When it comes time for Ole Miss to play at Alabama – and due to quirks in SEC scheduling that time has come for two straight seasons now – you hear the Rebels’ history at Alabama brought to the forefront.
After last week’s 25-0 loss it’s 1-25 for Ole Miss in Tuscaloosa, the lone win coming in 1988.
People tend to forget that history is little better when the Rebels visit Auburn. Ole Miss is just 10-27 against the Alabama Tigers overall, just 2-13 at Auburn.
While I have a history minor, I don’t really get caught up in history – at least not distant history – as a projector for what might happen in the next game.
Recent history might be another thing.
If the Rebels let last week’s history linger and are unable to get past a disappointing loss at Alabama, one that snapped a five-game win streak for the program, that could be a problem against an Auburn team that resembles the 2012 Ole Miss bunch in many ways.
The biggest way is youthful hunger.
Auburn has an energetic new staff that is trying to right the ship from an winless SEC season the prior year.
Like last year’s Ole Miss team, they’ve gotten off to a 3-1 start.
Last year’s Ole Miss team did something else and that was to move on from an emotional loss.
“I think they’ve moved on. Hopefully they’ve followed our lead and done that. They were very effective and efficient at doing that last year,” Ole Miss coach Hugh Freeze said on Wednesday’s SEC conference call.
The best example of the Rebels’ moving on last year was against Auburn. The 30-27 home loss to rising Texas A&M was the most difficult loss for Ole Miss that I’ve witnessed in several seasons. They were locked in and jumped on Auburn early the following week.
A year later Freeze and his players will be trying to again prove the bonafides of the Ole Miss offense after Alabama limited the Rebels to 1.8 yards per rush last week. If you can’t run the ball you can’t do a lot of things, and Ole Miss had just 205 total yards while being shut out for the first time in 15 years.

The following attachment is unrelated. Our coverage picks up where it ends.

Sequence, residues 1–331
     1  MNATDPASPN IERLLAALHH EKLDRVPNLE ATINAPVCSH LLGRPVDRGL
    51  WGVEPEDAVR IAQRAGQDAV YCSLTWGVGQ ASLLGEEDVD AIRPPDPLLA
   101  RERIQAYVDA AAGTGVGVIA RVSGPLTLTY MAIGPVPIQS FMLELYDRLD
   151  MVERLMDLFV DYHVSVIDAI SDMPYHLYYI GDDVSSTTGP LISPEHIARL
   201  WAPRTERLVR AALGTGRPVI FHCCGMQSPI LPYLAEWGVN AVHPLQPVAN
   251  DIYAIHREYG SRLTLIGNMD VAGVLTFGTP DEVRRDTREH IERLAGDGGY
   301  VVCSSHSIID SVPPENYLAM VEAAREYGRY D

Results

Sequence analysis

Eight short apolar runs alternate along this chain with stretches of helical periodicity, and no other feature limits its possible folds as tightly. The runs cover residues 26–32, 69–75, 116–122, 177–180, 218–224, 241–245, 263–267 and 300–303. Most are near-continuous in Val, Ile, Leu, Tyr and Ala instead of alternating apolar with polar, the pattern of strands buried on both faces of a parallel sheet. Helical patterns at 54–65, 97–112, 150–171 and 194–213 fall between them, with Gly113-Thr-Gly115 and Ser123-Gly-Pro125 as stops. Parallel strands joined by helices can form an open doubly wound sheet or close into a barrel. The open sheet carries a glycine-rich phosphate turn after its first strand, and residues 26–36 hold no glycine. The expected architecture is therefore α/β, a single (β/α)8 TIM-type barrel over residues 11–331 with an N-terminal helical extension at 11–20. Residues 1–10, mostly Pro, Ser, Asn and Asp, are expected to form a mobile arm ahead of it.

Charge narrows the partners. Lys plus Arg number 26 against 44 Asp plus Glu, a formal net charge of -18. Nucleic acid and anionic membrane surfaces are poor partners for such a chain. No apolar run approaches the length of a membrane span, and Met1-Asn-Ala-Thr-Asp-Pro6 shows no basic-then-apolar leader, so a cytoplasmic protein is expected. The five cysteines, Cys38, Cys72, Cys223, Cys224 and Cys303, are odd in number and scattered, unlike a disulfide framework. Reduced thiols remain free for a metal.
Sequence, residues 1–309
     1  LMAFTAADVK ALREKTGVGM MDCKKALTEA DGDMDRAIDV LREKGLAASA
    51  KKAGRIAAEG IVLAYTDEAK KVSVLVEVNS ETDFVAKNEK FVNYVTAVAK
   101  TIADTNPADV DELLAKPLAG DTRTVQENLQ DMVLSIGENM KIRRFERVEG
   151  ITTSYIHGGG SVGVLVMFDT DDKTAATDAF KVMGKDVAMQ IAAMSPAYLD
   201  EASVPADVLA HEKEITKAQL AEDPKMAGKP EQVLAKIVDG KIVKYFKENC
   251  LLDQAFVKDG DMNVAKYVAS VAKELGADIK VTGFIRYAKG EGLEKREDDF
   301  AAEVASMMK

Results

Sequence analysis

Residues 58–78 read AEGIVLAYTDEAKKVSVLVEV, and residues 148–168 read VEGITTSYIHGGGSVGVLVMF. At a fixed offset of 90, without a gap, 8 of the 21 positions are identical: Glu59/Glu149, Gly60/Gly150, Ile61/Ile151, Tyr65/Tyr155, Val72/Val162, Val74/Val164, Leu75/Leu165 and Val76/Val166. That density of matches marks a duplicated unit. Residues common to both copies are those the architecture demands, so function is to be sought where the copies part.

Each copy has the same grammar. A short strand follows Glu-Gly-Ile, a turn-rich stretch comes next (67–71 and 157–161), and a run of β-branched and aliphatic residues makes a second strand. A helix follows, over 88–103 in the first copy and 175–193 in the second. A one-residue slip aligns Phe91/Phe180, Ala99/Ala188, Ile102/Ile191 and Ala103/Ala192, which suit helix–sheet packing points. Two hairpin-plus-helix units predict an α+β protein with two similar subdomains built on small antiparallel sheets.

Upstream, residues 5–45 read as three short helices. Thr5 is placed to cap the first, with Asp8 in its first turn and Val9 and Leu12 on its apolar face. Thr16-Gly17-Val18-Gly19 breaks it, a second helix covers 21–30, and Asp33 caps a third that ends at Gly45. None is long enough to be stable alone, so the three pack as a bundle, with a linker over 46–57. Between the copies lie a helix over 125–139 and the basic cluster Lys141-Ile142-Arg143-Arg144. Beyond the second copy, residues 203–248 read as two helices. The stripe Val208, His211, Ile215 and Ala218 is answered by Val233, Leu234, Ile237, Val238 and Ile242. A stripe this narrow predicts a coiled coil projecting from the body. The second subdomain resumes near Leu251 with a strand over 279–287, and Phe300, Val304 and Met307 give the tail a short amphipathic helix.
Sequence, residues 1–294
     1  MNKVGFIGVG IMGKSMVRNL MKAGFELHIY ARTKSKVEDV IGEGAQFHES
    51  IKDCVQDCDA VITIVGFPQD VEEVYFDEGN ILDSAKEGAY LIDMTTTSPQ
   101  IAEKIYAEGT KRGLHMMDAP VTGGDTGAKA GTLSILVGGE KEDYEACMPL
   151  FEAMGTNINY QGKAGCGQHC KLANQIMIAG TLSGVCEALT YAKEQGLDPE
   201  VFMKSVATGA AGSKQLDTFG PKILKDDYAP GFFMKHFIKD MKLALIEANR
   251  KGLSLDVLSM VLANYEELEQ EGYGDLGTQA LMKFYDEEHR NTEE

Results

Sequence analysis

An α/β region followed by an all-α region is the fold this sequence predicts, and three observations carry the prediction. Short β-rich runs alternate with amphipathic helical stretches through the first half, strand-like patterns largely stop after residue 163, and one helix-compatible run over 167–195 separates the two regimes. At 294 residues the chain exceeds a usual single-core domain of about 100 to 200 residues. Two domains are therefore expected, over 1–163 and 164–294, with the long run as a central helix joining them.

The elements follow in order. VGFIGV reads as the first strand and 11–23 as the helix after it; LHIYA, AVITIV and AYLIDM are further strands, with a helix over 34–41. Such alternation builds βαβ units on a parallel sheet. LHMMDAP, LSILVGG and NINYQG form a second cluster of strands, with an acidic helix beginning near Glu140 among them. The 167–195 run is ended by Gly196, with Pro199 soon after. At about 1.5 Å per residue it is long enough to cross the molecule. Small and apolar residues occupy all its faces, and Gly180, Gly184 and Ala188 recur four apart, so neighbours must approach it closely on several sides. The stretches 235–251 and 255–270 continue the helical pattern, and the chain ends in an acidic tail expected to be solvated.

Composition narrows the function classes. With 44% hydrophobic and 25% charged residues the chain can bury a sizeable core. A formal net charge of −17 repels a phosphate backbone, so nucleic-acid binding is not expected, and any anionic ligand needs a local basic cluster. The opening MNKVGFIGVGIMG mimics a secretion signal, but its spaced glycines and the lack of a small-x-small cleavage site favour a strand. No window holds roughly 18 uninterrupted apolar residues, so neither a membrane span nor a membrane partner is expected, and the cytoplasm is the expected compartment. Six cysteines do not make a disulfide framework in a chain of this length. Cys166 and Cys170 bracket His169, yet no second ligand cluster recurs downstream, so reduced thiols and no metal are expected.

Auburn has given up a lot of yards and ranks 13th in total defense, but the Tigers, under veteran SEC coordinator Ellis Johnson, are sixth in the league in scoring defense at 22.0 points a game allowed.
Washington State rolled up 464 yards, but Auburn forced four turnovers in the season opener and won 31-24.
Aside from Bo Wallace fumbling when he’s been hit while trying to make a play, the Rebels’ starters have been pretty good at protecting the ball. That all starts with Wallace, who has now thrown 136 straight passes without an interception, a streak that dates back to the second quarter of the Compass Bowl win over Pittsburgh.
The guess here is that Ole Miss revives its run game. The Rebels need to convert drives with touchdowns, something they failed to do on two Red Zone trips at Alabama.
It will be interesting to see if Freeze opts to attempt a field goal or two as the game plays out. The guess here is he will if the opening drive stalls.
The Rebels need to revive not only their run game but their run defense against a talented trio of Auburn backs led by junior Tre Mason, who is small but strong and can run inside or outside.
For the sake of argument if you subtract a 68-yard TD run and a 50-yard TD run Ole Miss held Alabama to 3.5 yards per attempt. The 68-yard run was an assignment bust, the second came late when fatigue had set in. You can’t subtract those runs, because you have to play for four quarters. While the Rebels’ defense has been very good against the run this year and was good for most of the Alabama game, you can also spin that to say they’re prone to giving up big plays against quality backs. The larger body of work says they’ve been good against the run, and I suspect they will be again Saturday.
They will need to be.
Prediction: Ole Miss 28, Auburn 20